Or at least that's what I said to myself midday last Wednesday as I was standing in the parking lot of the Cat's Cradle, mingling with some of the artists who would later take the stage to support 9th's just-released sophomore album Dream Merchant Vol. 2. He was passing out freshly printed T-shirts for the album, and he didn't bother to offer me one.
Later that night, they all arrived in a cavalcade of three separate stretch limos, steppin' out onto a red carpet Hollywood-style, waiting to be photographed and interviewed. It looked like a scene you'd see at The Source Awards, and 9th Wonder executed the whole sequence perfectly. The roster of performers was almost long enough for a weekend hip-hop festival. For 9th to successfully squeeze more than a dozen acts into a two-hour bloc was an impressive lesson in micromanagement. Sure enough, the role of seasoned overseer seems to be a role that 9th has pridefully adopted lately—as discmaker, N.C. Central professor and now label head. It showed beautifully when 9th's newest addition to his It's A Wonderful World imprint—the five-man crew called M1 Platoon— offered a charismatic lesson on playground-infused B-boyism.
Later, 9th's new female threat Rapsody (imagine Jean Grae reincarnated as a bratty, Southern B-girl with a raspy drawl) proved to the near sold-out crowd why she deserved the several segue spots she takes on Dream Merchant. Tight Man and Big Treal—two N.C.-bred hip-hop neophytes who are redressing the cool component of Kackalack swagger—performed the silky "So Sinsurr." Frequent Justus League lady-of-honor Keisha Shontelle and attitudinal Justus League pillar Chaundon ran through "Sunday," switching the dominant hard-rock mood to one you might find at somebody's July 4th barbecue. Finally seeing Shontelle on a stage for the first time, "flossing" that svelte soprano she's always pillowed lovely for 9th's bruising soul-aesthetic, could have even made D-Bo blush.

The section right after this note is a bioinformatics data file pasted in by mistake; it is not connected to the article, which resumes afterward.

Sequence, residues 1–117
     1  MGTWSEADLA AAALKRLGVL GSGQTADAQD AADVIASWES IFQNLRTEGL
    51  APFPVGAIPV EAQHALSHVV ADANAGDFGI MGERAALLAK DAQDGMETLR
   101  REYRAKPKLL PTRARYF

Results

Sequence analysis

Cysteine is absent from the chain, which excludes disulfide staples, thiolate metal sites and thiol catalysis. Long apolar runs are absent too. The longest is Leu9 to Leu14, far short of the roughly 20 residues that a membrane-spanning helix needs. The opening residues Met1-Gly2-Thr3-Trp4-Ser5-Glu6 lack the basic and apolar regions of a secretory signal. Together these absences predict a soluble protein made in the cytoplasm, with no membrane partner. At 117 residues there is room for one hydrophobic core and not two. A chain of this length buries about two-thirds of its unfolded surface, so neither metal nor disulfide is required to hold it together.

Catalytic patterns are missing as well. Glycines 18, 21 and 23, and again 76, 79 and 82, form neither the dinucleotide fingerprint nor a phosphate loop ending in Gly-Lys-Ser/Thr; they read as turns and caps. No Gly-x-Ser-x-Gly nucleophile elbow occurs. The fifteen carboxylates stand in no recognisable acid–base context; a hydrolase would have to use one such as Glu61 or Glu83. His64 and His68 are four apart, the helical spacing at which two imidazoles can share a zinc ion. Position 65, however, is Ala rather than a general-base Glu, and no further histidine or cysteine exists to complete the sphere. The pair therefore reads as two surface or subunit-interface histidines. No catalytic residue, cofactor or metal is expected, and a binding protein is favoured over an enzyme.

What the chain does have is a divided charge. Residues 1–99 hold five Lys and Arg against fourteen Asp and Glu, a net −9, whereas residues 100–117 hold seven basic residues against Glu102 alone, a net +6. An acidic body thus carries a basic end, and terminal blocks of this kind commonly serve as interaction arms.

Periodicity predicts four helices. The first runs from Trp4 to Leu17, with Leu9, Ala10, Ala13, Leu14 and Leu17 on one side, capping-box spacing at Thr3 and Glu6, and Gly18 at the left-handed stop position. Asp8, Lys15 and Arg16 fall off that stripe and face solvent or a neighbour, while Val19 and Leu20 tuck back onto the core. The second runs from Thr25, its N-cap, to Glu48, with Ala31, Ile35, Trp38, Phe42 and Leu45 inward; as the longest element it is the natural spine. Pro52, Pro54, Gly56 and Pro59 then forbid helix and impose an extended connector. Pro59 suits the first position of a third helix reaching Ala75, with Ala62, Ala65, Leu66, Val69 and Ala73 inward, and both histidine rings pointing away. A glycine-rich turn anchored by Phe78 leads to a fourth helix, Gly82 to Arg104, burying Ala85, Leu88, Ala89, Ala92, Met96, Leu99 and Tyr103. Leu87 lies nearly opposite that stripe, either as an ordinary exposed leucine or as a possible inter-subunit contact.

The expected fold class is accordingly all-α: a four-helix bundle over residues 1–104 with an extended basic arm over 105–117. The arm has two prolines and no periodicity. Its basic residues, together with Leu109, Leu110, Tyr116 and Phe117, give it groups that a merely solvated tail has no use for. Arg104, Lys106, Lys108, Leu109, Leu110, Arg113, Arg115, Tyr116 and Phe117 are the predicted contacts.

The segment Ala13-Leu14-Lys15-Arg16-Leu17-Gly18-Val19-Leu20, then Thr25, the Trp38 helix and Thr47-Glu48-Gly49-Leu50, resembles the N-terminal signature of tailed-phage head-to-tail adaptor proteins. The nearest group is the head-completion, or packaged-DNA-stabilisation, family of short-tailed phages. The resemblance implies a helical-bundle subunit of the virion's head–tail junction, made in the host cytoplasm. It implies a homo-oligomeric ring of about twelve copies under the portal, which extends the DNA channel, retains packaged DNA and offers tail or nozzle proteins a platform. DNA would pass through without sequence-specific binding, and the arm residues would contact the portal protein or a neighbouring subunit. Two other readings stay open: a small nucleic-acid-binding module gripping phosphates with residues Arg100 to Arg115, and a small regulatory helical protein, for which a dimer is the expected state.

Jean Grae, every underground enthusiast's favorite slick-mouthed hip-hop hottie, served as the show's host alongside L.A. representative and two-time 9th collaborator Murs. After the set, 9th spun classic soul and hip-hop joints, the stage and floor eventually becoming flooded by attendees dancing out their stiff concert knees. A party ain't a party without the Electric Slide, right?
At the close of the night, it seemed that 9th Wonder must be onto something again, as if the whole Little Brother/9th divorce heightened his musicianship and upgraded his profile from just a producer to a sophisticate and true-school hip-hop ambassador. But still, the nerve of this guy, right?